National Parks Thirsty for Bottle-Free Water

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It seems so contradictory that the lands we treasure and protect as National Parks are full of disposable plastic water bottles. An estimated one-third of parks’ waste coming from these bottles. The fact that more and more parks and bottle-free organizations are are pushing for better water policies is a good sign.

Out of the 408 National Parks in the U.S., about 20 have already put an end to selling bottled water. And 75 have confirmed their commitment to bottle-free practices. Fortunately, it’s some of our country’s top parks that have been leading the way in this water movement.

Greener Park Practices

While plastic water bottles aren’t entirely banned in these parks—you can still bring your own—more National Parks have elected to remove it from their vending machines and concession stands. In 2011, the National Park Service implemented a policy to encourage plastic water bottle recycling and reduction. The policy also outlined the option to eliminate bottled water sales entirely, on a park-by-park basis.

Since that policy was enacted, the Grand Canyon, Mount Rushmore, Zion National Park in Utah, and other popular National Parks have all chosen to stop selling disposable water bottles. Instead, they’ve worked to install water-refill stations along their trails’ major stopping points. These parks eliminate massive amounts of plastic waste every year by offering visitors free water. All they need to do is bring a reusable bottle. It’s a great deal for everyone!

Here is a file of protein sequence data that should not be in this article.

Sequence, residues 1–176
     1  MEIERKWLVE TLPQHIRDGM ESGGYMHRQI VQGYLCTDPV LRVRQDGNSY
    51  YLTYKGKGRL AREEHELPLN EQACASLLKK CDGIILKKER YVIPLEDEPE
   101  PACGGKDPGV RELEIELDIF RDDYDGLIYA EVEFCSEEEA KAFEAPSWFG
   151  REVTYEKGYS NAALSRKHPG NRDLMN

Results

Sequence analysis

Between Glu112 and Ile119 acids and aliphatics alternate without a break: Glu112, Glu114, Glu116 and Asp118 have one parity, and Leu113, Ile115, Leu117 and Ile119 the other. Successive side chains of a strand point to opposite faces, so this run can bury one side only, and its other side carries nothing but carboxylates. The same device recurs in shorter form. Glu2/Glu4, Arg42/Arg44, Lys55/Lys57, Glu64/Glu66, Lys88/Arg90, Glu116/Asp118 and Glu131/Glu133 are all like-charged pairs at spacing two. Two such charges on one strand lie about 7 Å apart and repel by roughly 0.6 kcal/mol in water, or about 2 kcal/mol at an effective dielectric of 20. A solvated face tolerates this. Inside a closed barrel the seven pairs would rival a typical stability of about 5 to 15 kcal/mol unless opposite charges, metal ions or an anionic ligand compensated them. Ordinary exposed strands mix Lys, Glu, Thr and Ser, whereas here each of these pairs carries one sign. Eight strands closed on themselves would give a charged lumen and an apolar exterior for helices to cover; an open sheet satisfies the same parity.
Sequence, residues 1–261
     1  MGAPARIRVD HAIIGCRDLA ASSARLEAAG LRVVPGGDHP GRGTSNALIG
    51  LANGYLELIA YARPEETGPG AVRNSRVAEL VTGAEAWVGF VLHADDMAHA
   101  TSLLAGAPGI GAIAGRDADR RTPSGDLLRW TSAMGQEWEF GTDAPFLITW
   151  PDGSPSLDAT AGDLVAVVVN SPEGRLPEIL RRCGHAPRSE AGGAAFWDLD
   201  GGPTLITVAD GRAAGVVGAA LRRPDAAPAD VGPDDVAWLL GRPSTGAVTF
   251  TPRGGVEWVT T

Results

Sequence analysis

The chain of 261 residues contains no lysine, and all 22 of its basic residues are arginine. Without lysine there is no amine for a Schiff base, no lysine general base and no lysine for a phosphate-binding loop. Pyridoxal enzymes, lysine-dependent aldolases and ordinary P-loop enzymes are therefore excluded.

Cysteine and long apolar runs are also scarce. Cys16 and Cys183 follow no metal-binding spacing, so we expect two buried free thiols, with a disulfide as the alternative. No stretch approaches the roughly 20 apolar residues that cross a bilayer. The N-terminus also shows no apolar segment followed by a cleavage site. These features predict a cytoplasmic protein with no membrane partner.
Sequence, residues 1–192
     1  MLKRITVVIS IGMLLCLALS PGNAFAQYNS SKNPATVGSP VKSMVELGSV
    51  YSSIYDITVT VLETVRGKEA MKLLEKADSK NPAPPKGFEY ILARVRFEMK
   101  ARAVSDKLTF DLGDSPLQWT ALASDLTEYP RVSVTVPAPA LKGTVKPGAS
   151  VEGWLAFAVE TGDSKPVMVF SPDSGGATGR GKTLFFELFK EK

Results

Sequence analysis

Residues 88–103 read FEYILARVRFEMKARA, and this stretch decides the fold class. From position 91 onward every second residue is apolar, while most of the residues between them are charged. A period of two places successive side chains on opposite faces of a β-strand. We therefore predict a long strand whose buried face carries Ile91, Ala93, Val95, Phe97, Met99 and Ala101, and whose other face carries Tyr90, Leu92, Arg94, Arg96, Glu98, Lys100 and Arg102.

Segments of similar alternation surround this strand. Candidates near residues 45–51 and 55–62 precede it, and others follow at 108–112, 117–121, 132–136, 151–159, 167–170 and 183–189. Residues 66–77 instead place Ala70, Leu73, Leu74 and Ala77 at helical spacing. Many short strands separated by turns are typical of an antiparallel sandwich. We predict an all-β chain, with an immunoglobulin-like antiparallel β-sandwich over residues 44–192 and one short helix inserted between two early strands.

Parks that opted for the bottle ban early on have had fantastic results. In just one year Zion Park estimated that it took 60,000 disposable water bottles (that’s 5,000 pounds of plastic) out of the waste cycle. So why aren’t more parks moving forward with bottle-free practices?

Well, it comes down to politics. The International Bottled Water Association is currently lobbying the Senate to pass an amendment to keep bottled water in the parks. The amendment would forbid the National Park Service from spending money on bottled-water-free policies, but only if it passes. It’s important that we hear more voices in favor of bottle-free hydration. Otherwise, the parks might lose control over their own water policy decisions.

Plastic Bans in the News

Recently in Delaware, Corporate Accountability International’s “Think Outside the Bottle” campaign got newspaper recognition for their efforts in promoting water bottle park bans  They actively work with park officials to launch new water bottle refill stations. These efforts bring more public attention to the practices of the commercial water bottle industry. More movements like this will encourage park visitors to opt for reusable bottles, instead of disposable plastic.

The fight to eliminate disposable plastic water bottles is strong here in Indiana, too. DePauw University has already joined Ban the Bottle’s movement to remove unneeded waste in landfills. We hope other Indiana campus follow soon, and we support these water efforts locally with Bottle Free Indy. It’s wonderful to see more Indianapolis organizations, schools, and businesses kicking the plastic habit.

Hopefully one day all 408 parks will decide to switch to water refill stations and reusable bottles, but the bottled water industry has been putting up a fight. That’s why public support needs to swing towards the National Parks—not corporate bottled water. If you want to support the bottled-water-free movement in our national parks, tell your senators to vote NO on the parks amendment.

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